This paper explores the public image of Dutch veterans, the influence of Afghanistan and Dutch Veterans Day.
Veterans have often been deployed under difficult conditions and have risked their health and even their lives for a cause held in high regard by society. They therefore expect in return to be given care in the event of health problems and to receive social recognition for their efforts, risk and sacrifices. Although some Dutch veterans do not (yet) share the perception, earlier studies (IUS papers 2005 en 2007) reveal a growing appreciation by Dutch society for veterans and a generally positive portrayal of veterans by the Dutch media.1 Up to 2007, social attitudes about veterans were steadily improving, probably due in part to an active veterans policy and the creation (in 2005) of a national veterans day. On the other hand, the traditional image projected in the media of veterans as heroes has since the 1980s been losing out to the image of veterans as victims with (mental) health problems.2 This latter image is not likely to please many veterans.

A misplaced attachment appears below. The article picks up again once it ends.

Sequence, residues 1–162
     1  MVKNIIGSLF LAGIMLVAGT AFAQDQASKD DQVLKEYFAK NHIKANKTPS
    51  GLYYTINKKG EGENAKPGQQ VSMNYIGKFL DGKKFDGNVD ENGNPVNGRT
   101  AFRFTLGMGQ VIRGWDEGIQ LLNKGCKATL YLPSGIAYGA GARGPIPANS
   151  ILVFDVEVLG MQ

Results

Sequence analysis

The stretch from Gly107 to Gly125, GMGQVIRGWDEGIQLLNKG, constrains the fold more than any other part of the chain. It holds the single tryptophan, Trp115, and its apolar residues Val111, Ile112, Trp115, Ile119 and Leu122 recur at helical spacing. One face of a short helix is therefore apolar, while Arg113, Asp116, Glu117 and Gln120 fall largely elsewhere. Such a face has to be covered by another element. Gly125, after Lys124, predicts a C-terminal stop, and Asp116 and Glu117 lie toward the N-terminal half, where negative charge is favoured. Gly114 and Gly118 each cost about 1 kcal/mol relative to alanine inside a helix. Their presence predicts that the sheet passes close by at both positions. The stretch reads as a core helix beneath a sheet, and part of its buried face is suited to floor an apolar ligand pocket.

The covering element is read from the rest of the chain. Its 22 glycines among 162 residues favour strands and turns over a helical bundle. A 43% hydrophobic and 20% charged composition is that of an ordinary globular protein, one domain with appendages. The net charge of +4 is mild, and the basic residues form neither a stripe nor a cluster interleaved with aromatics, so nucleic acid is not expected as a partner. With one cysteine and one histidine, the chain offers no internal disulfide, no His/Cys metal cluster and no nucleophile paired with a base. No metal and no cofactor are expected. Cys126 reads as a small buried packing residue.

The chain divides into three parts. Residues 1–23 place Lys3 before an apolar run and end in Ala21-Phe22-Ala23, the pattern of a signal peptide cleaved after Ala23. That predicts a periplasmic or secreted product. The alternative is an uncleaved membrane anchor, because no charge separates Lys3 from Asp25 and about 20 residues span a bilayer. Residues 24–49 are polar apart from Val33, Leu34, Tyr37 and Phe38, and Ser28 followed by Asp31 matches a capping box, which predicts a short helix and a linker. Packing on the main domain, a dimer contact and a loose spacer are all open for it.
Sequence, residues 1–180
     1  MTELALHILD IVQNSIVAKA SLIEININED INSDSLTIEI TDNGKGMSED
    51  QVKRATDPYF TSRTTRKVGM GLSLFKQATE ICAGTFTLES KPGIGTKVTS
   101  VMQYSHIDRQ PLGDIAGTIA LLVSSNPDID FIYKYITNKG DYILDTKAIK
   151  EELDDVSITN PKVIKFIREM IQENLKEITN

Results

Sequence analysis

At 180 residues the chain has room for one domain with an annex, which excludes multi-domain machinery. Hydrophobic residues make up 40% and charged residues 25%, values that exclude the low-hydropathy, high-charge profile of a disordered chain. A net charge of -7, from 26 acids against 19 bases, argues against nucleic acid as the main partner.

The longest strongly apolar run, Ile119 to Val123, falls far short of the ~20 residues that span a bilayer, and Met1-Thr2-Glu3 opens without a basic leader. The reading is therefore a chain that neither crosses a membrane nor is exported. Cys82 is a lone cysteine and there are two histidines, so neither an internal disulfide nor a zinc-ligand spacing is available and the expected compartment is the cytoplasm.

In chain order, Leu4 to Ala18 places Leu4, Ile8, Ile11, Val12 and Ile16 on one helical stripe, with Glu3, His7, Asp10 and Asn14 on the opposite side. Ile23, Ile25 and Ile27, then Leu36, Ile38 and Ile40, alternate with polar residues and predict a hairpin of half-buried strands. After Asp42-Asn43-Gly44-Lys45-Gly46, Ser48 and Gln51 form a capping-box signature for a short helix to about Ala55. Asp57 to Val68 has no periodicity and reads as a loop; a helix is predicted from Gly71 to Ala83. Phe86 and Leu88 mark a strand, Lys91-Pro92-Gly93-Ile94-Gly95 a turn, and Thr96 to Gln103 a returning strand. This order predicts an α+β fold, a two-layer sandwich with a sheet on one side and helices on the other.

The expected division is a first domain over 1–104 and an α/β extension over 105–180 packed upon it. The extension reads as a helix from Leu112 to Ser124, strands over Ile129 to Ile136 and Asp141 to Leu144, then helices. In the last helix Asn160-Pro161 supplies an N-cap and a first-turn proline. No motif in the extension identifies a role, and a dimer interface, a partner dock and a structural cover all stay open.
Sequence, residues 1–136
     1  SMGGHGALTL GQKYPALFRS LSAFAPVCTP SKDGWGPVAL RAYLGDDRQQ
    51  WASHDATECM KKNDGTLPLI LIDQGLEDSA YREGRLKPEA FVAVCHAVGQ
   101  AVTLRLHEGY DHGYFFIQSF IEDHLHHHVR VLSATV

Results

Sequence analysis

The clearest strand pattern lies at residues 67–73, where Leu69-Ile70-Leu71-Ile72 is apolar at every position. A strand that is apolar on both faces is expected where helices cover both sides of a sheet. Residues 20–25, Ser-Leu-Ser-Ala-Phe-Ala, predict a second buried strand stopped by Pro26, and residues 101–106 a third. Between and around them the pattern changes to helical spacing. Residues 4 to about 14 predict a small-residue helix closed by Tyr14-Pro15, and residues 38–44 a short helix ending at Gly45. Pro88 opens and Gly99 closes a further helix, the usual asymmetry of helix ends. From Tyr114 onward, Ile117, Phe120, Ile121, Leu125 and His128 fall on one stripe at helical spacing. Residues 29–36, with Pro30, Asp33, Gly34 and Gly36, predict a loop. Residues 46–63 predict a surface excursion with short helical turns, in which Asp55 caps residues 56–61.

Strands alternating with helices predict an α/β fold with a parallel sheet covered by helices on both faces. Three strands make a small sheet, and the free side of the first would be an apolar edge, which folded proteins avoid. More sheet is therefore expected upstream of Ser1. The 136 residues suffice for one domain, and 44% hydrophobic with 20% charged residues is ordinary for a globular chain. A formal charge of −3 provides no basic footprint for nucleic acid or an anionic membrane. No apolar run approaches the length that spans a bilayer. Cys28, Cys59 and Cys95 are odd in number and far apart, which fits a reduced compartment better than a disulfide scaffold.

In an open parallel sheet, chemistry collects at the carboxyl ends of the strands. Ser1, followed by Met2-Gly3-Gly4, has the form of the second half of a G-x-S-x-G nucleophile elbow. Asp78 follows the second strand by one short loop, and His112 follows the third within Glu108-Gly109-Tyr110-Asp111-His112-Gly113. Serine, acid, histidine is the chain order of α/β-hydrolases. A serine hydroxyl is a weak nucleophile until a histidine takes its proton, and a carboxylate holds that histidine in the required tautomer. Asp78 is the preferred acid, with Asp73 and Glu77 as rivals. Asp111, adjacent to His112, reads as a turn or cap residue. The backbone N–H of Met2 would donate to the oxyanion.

Elands, M., Algra, G., Tilburg, A. van., Schoeman, J. and Zijl, P. H. V., 2009. Combat and Commemoration: The public image of Dutch veterans and the influence of Afghanistan and Dutch Veterans Day. Veteraneninstituut, Netherlands.